Much has been made of how these vehicles might one day support human missions, acting as reconnaissance drones for humans to scout out regions of interest near a landing site or carrying tools between locations. In the near-term, prospects of more exciting robotic science are on the horizon—perhaps in the same way that the Sojourner rover in 1997, itself a prototype of wheeled exploration and part of NASA’s Pathfinder mission, paved the way for its successors Spirit, Opportunity, Curiosity and now Perseverance. “I do think we’re going to see some flying vehicles in the future,” says Michael Meyer, lead scientist of NASA’s Mars Exploration Program at the agency’s headquarters. “It will now be part of our portfolio of methods that we use for exploration. There are things you can do with a helicopter that you can’t do with other platforms.”

Examples could include exploring the aforementioned lava tubes or perhaps approaching crater walls—too high and steep for a rover to scale—where a helicopter could take images and perform some up-close analysis as well. Another example could be studying recurring slope lineae, dark flows on Mars that have arguably been linked to liquid water flowing on the surface. Perversely, it is this possibility of water—and the accompanying risk of contamination with bacteria imported from Earth—that essentially prohibits anyone or anything from setting foot (or wheel) there to seek out signs of native Martian life. But a hovering drone could look without touching, offering a novel route of exploration. “A rotorcraft would give us the ability to go and look up close at something that we would otherwise deem not suitable for a rover,” Byrne says, “either because of planetary protection issues or because it’s too dangerous.”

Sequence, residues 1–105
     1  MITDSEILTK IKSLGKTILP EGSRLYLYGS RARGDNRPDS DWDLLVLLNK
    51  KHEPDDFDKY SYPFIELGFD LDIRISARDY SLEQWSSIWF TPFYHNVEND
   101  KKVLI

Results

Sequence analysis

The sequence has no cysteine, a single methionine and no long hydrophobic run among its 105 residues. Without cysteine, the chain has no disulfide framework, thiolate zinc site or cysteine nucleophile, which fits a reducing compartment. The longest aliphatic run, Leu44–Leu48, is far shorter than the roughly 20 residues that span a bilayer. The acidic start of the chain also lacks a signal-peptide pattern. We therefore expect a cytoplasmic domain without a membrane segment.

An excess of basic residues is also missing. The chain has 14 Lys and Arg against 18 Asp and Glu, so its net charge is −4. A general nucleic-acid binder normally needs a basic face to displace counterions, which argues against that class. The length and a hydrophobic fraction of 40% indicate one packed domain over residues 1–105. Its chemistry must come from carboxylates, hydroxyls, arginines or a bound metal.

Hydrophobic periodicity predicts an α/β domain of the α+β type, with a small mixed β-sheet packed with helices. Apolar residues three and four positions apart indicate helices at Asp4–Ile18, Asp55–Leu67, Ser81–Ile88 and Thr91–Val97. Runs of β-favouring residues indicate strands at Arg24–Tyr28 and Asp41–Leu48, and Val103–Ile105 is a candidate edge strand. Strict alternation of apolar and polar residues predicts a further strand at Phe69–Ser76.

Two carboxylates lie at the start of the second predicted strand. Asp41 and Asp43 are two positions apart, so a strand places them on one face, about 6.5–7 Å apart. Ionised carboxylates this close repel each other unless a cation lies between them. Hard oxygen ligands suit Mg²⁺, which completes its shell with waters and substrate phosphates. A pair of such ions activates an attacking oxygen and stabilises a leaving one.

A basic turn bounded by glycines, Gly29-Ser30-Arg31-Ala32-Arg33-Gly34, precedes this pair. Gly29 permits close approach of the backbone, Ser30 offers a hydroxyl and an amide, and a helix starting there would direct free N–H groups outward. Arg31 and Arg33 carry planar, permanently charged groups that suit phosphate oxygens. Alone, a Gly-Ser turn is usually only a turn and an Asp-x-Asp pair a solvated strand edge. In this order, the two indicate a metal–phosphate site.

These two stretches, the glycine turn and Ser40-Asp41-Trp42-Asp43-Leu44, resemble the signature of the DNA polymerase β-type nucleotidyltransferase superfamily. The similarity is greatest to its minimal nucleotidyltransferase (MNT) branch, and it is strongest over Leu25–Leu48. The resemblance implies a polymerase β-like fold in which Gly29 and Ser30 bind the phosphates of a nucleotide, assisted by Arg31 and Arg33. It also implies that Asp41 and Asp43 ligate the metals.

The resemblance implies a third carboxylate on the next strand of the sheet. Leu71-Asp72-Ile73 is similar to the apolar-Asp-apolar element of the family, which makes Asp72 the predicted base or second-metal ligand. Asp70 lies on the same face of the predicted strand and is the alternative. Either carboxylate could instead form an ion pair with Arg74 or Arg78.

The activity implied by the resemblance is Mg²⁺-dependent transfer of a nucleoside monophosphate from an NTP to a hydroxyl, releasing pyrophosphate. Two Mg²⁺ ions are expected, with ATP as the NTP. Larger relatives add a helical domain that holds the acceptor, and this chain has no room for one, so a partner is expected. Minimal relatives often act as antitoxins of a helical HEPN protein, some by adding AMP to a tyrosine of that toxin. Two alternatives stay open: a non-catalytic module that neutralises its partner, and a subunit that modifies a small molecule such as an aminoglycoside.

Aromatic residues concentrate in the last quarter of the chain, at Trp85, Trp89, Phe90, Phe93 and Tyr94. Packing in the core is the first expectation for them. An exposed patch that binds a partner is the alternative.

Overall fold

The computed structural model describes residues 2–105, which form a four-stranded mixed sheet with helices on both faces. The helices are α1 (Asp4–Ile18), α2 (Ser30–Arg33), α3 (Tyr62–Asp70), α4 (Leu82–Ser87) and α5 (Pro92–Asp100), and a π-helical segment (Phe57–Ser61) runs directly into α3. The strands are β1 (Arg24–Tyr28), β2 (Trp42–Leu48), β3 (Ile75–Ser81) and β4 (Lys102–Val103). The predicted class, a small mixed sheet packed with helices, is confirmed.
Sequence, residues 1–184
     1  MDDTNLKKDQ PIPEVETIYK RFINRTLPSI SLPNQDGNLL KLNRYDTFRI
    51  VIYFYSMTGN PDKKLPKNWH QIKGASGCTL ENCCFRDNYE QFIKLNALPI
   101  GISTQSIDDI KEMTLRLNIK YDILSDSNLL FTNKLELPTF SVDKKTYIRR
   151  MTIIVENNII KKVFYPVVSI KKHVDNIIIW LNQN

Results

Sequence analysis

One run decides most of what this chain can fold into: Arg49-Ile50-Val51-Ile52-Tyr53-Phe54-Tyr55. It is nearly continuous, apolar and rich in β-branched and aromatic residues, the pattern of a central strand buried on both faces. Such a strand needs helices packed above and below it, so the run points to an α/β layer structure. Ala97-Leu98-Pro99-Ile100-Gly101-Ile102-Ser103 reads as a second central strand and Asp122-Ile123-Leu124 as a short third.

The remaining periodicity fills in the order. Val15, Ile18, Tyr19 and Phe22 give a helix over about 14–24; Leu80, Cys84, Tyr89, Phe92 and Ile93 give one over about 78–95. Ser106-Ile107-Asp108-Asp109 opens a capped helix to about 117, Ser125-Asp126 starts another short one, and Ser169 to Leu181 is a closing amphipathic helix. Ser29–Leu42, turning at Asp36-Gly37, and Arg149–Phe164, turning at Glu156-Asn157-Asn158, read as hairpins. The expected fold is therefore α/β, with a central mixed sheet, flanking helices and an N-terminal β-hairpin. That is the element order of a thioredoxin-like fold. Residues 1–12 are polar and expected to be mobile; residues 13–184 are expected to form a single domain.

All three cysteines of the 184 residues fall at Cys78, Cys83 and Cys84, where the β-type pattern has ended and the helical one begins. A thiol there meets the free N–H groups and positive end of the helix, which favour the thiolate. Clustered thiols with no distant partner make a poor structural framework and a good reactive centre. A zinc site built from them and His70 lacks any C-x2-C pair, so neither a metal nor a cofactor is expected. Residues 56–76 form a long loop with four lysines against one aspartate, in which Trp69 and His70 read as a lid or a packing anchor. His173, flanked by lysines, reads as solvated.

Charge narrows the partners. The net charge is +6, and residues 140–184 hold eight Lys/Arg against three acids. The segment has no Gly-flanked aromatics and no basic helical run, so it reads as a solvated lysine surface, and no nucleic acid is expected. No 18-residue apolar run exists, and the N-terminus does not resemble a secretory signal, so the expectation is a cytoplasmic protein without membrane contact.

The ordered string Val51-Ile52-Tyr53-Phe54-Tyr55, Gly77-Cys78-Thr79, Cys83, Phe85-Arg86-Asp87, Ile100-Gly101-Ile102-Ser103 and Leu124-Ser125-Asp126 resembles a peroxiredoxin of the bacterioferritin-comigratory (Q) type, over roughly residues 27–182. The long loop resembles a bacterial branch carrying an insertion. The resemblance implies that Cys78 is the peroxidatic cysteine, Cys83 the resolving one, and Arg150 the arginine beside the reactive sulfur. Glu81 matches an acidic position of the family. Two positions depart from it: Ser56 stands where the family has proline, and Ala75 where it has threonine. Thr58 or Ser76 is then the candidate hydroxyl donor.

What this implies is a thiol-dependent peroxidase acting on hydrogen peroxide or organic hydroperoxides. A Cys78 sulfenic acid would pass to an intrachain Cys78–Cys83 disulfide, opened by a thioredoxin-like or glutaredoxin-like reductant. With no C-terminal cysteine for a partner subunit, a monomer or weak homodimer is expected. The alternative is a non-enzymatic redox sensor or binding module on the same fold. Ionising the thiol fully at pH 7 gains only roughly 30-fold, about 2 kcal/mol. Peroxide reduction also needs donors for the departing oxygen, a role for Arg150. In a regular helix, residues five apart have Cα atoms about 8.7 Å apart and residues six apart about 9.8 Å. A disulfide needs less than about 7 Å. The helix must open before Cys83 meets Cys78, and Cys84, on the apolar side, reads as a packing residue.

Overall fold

One concept for a possible aerial vehicle beyond Ingenuity is already being investigated. Known as the Mars Science Helicopter, this six-bladed hexacopter would weigh nearly 30 kilograms. And it would be equipped with several kilograms worth of instruments to analyze different regions of the Martian surface and would have the ability to fly for minutes at a time over several kilometers. “We’re trying to learn from Ingenuity and ask ourselves, ‘What could we accomplish if we push it further?’” says Theodore Tzanetos of JPL, who is part of the Mars Science Helicopter concept team. The science such traits would afford would be tremendous, bringing large swathes of the Martian surface suddenly within reach. The current distance record on Mars is held by NASA’s Opportunity rover, which traveled more than 42 kilometers in a little more than 11 years. A helicopter could achieve the same feat in weeks.